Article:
- Dragon Tales - "Teasing is Not Pleasing"
Emmy is ready for the big Dragon basketball game to start, but things take a turn for the worse when Buster and Mookie start teasing Emmy about missing a shot. See how Emmy uses Quetzal's advice to overcome her hurt feelings and walk away a winner.
Do in Class
- Arthur: Conflict Resolution - Role-play situations involving conflicts that might occur between you and your peers. Practice problem solving skills in considering what to do in confrontations with a bully.
- Arthur: Feeling Left Out - Role-play with a puppet or stuffed animal to explore the feelings that come from being left out. Discover steps to follow that will help you cope with situations in which your feelings are hurt.
- Arthur: Making Up - Practice conflict resolution skills through discussion and role-playing.
- Arthur: Story Writing with Arthur - Use a graphic organizer to help you chart the relationship between the main characters and the problems in a story. Explore conflict resolution in story plots.
- Berenstain Bears: Section 3: Choices and Decision Making: A Problem-Solving Circle - Brainstorm possible scenarios (such as bullies, homework) and find acceptable solutions including when to tell an adult.
- Berenstain Bears: Section 4: Socio-Emotional Development: Put-ups and Put-downs - Put on a puppet show that presents the difference between name calling and friendly support.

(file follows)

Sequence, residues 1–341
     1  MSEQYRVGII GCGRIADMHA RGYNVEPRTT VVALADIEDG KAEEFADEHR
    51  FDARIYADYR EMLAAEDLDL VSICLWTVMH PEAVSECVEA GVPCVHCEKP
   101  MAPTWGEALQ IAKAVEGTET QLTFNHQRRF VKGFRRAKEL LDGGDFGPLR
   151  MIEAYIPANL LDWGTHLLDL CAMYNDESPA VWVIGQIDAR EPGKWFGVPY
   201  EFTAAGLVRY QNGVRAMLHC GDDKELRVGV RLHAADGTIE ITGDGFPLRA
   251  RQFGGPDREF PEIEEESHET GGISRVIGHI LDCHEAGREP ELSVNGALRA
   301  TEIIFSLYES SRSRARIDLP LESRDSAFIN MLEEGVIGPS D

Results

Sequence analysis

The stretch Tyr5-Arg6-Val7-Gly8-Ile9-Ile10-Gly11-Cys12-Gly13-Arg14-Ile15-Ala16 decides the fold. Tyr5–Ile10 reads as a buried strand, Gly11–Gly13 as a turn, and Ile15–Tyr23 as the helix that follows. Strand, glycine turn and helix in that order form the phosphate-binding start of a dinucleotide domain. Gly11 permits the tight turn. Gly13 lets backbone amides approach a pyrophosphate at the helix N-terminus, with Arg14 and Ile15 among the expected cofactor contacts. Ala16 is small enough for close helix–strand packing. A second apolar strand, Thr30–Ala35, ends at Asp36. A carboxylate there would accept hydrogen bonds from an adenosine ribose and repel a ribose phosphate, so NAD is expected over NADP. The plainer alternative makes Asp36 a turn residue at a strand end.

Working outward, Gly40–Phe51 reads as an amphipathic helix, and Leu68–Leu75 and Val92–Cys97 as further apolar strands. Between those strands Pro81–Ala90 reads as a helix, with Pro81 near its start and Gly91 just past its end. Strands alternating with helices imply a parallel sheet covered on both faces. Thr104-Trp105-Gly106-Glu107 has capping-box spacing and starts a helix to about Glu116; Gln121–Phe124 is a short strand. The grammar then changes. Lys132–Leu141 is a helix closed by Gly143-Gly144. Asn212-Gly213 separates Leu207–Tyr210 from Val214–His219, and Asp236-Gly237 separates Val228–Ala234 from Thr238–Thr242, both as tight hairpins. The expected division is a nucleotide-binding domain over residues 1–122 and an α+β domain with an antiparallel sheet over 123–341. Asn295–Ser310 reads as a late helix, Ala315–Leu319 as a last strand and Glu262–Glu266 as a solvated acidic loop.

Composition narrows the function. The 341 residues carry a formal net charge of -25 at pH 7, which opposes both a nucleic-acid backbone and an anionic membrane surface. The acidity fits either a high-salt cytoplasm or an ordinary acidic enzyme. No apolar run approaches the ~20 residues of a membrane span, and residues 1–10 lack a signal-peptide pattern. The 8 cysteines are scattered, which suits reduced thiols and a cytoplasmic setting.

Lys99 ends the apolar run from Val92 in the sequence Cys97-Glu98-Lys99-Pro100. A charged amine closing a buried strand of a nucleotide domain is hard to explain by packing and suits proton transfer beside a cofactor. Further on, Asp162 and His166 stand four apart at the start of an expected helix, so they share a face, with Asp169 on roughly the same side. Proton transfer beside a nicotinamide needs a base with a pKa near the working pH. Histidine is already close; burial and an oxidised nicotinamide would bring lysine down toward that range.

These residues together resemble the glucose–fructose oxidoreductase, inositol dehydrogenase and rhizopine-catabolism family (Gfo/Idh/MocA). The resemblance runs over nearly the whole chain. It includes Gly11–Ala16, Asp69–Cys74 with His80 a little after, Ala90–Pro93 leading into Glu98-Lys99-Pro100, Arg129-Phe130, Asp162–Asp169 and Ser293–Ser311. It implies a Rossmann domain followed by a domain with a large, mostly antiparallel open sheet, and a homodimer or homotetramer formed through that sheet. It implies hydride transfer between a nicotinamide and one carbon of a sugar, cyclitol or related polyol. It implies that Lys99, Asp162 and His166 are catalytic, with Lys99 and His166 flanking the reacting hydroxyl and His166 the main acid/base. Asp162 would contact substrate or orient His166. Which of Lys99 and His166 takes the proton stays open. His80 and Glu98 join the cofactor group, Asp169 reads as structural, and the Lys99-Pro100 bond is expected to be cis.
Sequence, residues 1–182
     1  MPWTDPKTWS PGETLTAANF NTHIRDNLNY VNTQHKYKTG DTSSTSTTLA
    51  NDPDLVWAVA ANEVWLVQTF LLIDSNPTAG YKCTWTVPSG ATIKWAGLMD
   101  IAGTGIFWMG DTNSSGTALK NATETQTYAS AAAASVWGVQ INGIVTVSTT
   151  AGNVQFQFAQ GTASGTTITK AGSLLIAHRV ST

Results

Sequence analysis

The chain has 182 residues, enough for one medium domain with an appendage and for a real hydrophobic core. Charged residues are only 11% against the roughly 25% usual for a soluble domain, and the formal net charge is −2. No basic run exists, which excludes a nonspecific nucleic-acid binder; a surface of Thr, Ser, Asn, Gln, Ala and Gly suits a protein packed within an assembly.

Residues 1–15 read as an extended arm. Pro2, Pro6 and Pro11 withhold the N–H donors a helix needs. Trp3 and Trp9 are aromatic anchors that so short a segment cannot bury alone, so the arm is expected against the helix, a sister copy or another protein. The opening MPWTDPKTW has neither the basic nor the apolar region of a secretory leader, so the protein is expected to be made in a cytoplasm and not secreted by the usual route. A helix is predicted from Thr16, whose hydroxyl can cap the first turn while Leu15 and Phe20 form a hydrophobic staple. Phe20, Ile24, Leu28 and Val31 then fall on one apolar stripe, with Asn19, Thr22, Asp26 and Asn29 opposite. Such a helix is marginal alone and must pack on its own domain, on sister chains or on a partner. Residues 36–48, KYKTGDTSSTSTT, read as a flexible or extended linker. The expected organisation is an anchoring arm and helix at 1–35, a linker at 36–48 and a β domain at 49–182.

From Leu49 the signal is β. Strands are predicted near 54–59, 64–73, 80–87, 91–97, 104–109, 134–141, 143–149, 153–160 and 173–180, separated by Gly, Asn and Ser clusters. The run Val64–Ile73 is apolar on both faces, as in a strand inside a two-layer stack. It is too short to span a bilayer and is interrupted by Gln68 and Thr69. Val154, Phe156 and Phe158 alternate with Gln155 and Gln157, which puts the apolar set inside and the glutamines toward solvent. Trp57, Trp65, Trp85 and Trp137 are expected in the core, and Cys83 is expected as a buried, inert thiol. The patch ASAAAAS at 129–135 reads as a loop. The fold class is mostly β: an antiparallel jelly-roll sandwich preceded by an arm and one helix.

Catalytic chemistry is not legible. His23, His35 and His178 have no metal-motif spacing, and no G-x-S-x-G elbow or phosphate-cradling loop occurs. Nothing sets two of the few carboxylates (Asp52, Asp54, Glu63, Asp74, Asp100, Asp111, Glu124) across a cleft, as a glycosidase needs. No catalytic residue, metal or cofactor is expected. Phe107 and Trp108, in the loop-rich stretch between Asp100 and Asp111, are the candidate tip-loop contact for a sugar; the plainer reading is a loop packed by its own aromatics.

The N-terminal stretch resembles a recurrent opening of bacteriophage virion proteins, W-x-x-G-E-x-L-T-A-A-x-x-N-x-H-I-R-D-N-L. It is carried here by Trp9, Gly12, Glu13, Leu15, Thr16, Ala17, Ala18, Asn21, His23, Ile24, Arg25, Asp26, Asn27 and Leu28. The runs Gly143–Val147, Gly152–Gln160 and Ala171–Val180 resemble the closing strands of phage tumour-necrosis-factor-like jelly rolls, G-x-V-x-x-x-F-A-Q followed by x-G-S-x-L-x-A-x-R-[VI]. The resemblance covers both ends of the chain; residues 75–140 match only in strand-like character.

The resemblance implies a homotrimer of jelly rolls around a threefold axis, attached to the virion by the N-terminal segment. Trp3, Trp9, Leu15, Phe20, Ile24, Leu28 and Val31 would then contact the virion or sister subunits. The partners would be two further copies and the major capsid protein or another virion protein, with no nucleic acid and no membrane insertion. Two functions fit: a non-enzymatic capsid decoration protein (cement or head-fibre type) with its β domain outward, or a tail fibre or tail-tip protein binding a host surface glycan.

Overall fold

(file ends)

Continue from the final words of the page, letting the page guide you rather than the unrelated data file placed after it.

- Dragon Tales: Bully for You - Act out different ways of dealing with someone who isn't being nice.
- It's My Life: When Friends Fight: Make Peace, Not War - Read an article about how to handle a fight with a friend and work things out. (Advanced Activity)
- Arthur: You've Got To Be Kidding - Help Arthur and his friends do some problem-solving.
By Judith Caseley
Published March 2001 by Greenwillow
Mickey and Jack used to be friends, but now Jack is making Mickey's life miserable. Dad suggests he use his brave words. Mom says give him more cookies. Mickey tries everything, and in the end, discovers his own solution. This book offers more than one way to deal with a bully. It should make a good discussion starter.
- Horace and Morris but Mostly Delores
By James Howe and Amy Walrod
Published March 1999 by Atheneum
Horris, Morris and Delores are three mice who do everything together. Everything, that is, except joining an exclusive all-boys club. When Horace and Morris leave Delores behind, she strikes out on her own and meets some new girl-mouse friends; Horace and Morris, however, quickly discover that they miss Delores, and work to find things they can all enjoy together. A treat to read out loud for ages 4-8!
*As most PBS children's programs offer one year extended taping rights for teachers, please feel free to tape them now and save them for use in your classroom during the school year.